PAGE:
White Sox

White Sox win in walk-off fashion yet again, top Cubs 5-4

White Sox win in walk-off fashion yet again, top Cubs 5-4

The White Sox found yet another way to survive on Monday night.

All it took was a third straight walkoff hit, something they hadn’t done in more than 50 years.

Tyler Saladino helped his team shake off a second straight blown save when he singled in the winning run with one out in the ninth to send the White Sox to a 5-4 victory over the Cubs in front of 39,510 at U.S. Cellular Field. The White Sox, who had two game-winning hits in the ninth inning on Sunday, now have three in a row for the first time since Aug. 4-6, 1962. It also was the team’s fifth walkoff of the season as they improved to 49-50.

“It's a morale booster for sure, and its just good baseball,” Saladino said. “The guys are pumped.”

They should be.

Somehow a patchwork bullpen without two key arms kept the White Sox in position for Saladino’s heroics despite blowing a lead for a fourth straight day. J.B. Shuck started the ninth-inning rally with a single to right off Cubs reliever Mike Montgomery. Dioner Navarro’s sac bunt advanced Shuck into scoring position before Saladino fouled off an 0-2 pitch and singled up the middle. Cubs center fielder Matt Szczur couldn’t handle the ball and Shuck scored to set off a third straight wild celebration on the field.

“We’ve been all over the place,” White Sox manager Robin Ventura said. “These guys are resilient. They fight back. They come every day to play hard. You need some stuff to go your way and I think tonight is one of those.”

[MORE: Cheering section of one: Melky adds 3 highlights to reel]

The White Sox could use a truckload more given what they’ve experienced since the second half began 11 days ago. Not only were they slowed by a horrible West Coast road trip full of close, painful losses, the White Sox have dealt with a number of unforeseen elements over the previous four days.

They battled the heat, rain delays, suspended games and a suspended teammate, which has the bullpen as taxed as it has been all season. Not only have they played eight games decided by two runs or fewer, the White Sox bullpen had to cover all nine innings vacated by Chris Sale on Saturday/Sunday when he was scratched from his start.

Both Nate Jones and David Robertson were unavailable on Monday to help the White Sox nurse a two-run lead. Jones had pitched five times in six days and Robertson pitched three times in a span of 18 hours.

Even though he’d already made 12 pitches and pitched three of the previous four games, Matt Albers returned to the mound in the ninth to preserve a two-run lead. The Cubs took advantage as Javy Baez, who earlier homered, doubled, stole third and scored on Dexter Fowler’s RBI single. Fowler went to third as Kris Bryant singled and was thrown out trying to stretch it into a double by Melky Cabrera, who made three big plays in the outfield. Anthony Rizzo singled past a drawn-in infield off Dan Jennings to tie the score. Jennings yielded another single but struck out Jason Heyward to strand the winning run at second.

Prior to the ninth, the White Sox had managed well enough.

Aided by his defense early, Miguel Gonzalez managed to pitch out of several jams throughout the night to keep the Cubs wrapped up.

Cabrera made a spectacular catch to rob Bryant of a homer in the first inning and he and Saladino combined to throw out Baez at home plate to end the third.

[MORE: Suspended Chris Sale will start Thursday against Cubs]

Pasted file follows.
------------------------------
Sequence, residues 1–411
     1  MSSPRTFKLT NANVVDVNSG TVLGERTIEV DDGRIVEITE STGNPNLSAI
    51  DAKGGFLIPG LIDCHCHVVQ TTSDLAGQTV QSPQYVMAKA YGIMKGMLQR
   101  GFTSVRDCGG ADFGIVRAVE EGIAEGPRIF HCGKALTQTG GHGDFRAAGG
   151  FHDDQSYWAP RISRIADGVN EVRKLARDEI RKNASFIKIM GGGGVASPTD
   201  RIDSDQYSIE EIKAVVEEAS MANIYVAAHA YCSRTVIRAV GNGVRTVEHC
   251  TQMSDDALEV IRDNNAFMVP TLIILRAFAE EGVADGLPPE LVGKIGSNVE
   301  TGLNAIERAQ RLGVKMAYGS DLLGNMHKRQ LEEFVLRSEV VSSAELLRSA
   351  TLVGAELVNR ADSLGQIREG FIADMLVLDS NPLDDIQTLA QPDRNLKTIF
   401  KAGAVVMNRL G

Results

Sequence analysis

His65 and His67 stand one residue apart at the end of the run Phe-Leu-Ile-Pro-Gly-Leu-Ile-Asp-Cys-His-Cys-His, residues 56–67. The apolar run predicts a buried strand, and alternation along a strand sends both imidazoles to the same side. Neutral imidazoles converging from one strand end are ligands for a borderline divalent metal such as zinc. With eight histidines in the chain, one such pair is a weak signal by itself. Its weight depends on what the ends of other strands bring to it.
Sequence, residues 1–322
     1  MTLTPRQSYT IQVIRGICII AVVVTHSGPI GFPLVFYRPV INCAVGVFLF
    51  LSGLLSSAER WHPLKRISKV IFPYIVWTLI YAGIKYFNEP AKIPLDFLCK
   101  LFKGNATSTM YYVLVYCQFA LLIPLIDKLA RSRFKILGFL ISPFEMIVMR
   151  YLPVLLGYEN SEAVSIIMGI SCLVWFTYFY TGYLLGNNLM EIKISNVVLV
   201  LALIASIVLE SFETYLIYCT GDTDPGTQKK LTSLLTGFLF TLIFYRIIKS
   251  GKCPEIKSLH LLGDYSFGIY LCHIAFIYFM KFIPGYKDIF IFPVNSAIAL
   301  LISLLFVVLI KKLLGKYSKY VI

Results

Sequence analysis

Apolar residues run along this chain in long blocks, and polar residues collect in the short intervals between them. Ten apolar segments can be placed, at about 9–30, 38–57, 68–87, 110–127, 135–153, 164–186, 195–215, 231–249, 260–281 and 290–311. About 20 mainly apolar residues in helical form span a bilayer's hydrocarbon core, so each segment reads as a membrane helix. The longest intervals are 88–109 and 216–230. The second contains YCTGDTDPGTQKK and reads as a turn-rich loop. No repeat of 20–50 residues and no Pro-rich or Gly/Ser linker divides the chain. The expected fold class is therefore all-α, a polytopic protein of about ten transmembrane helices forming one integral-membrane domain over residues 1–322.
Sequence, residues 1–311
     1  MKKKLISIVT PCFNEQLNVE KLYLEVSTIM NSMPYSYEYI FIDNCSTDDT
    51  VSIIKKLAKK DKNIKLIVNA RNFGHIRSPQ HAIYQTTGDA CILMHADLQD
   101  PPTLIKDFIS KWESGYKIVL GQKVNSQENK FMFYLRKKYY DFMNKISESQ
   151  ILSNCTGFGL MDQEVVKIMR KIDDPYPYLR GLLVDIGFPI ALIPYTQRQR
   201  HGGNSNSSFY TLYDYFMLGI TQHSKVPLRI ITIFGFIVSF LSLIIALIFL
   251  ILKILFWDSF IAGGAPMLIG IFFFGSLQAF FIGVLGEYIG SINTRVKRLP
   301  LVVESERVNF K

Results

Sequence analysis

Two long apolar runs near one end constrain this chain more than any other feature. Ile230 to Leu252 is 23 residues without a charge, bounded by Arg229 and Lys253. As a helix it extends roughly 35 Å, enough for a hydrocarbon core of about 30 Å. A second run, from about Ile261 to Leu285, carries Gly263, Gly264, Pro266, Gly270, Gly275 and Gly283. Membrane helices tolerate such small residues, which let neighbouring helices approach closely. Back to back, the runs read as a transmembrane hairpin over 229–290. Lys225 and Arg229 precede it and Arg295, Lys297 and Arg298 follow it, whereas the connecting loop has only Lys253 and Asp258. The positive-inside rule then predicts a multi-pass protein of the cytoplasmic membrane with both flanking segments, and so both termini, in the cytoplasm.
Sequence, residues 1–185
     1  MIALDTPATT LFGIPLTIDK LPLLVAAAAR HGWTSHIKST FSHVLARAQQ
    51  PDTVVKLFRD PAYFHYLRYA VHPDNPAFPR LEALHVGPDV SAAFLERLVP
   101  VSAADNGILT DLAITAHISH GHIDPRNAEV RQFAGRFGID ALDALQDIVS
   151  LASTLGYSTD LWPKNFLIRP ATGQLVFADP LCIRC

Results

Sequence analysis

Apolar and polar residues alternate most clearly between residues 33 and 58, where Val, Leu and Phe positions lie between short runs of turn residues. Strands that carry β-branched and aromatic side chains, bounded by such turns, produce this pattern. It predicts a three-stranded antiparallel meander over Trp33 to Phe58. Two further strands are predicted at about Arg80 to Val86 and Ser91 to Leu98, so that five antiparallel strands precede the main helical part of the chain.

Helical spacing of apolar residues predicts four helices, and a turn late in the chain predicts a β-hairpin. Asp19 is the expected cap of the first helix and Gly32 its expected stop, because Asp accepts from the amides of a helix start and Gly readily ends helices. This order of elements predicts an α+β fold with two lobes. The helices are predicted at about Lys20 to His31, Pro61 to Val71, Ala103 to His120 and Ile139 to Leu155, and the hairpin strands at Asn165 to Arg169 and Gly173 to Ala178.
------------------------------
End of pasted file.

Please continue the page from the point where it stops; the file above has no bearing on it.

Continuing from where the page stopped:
But Gonzalez did much of the rest on his own, including twice retiring Addison Russell with men in scoring position. He allowed two earned runs and seven hits in 6 2/3 innings with two walks and struck out eight, which matched his season high.

The White Sox offense also struck first against Jake Arrieta. Saladino provided the team its first hit with a one-out double to left in the third inning and Adam Eaton singled him in to make it 1-0. They added three more in the sixth on Todd Frazier’s three-run homer, the 29th pitch of the inning by Cubs starter Jake Arrieta.

Arrieta -- who allowed four earned runs in six innings -- threw 37 pitches in the sixth and exited the game. The four runs proved just enough to hold off the charging Cubs until Saladino joined Eaton and Cabrera, whose game-winning hits started celebrations on Sunday.

“With the way we’ve been going, we’ll take any win we can get,” Frazier said. “Eventually, ride that horse and keep on rolling and start winning games without walk-offs. We’ll see how that goes, but it’s a lot of fun. We’re getting back in that fun zone again.”

On this day in 2005: White Sox pitchers put the CG in Chicago

On this day in 2005: White Sox pitchers put the CG in Chicago

Mark Buehrle. Jon Garland. Freddy García. José Contreras.

The 2005 White Sox had four consecutive complete games to finish off the 2005 ALCS — Contreras took his turn in Game 5 against the Angels 13 years ago Tuesday. How special was that run of starting pitching to finish that series? Consider the following six statements:

— No team has had more than two complete games in a single postseason, let alone a postseason series, since.

— There has been a grand total of four complete games in 188 postseason games (through Monday) since the beginning of 2016.

— Those 2005 White Sox remain the only team with four complete games in a single LCS (which went to a best-of-seven format in 1985).

— They are the only team since the 1968 Tigers (in the World Series) with at least four complete games in any postseason series.

— They are the only team since the 1956 Yankees (in the World Series) with at least four consecutive complete games in a series. (The Yankees had five in a row: Games 3 through 7.)

— They are the only team since the 1928 Yankees (in the World Series) with at least four consecutive complete-game wins in a series (Games 1 through 4).

Take a moment to look back and appreciate what Don Cooper’s troops were able to accomplish in that series. The way the game is played nowadays, we will never see it again.

If 2018 was all about 'learning experiences' for young White Sox, what did Lucas Giolito learn?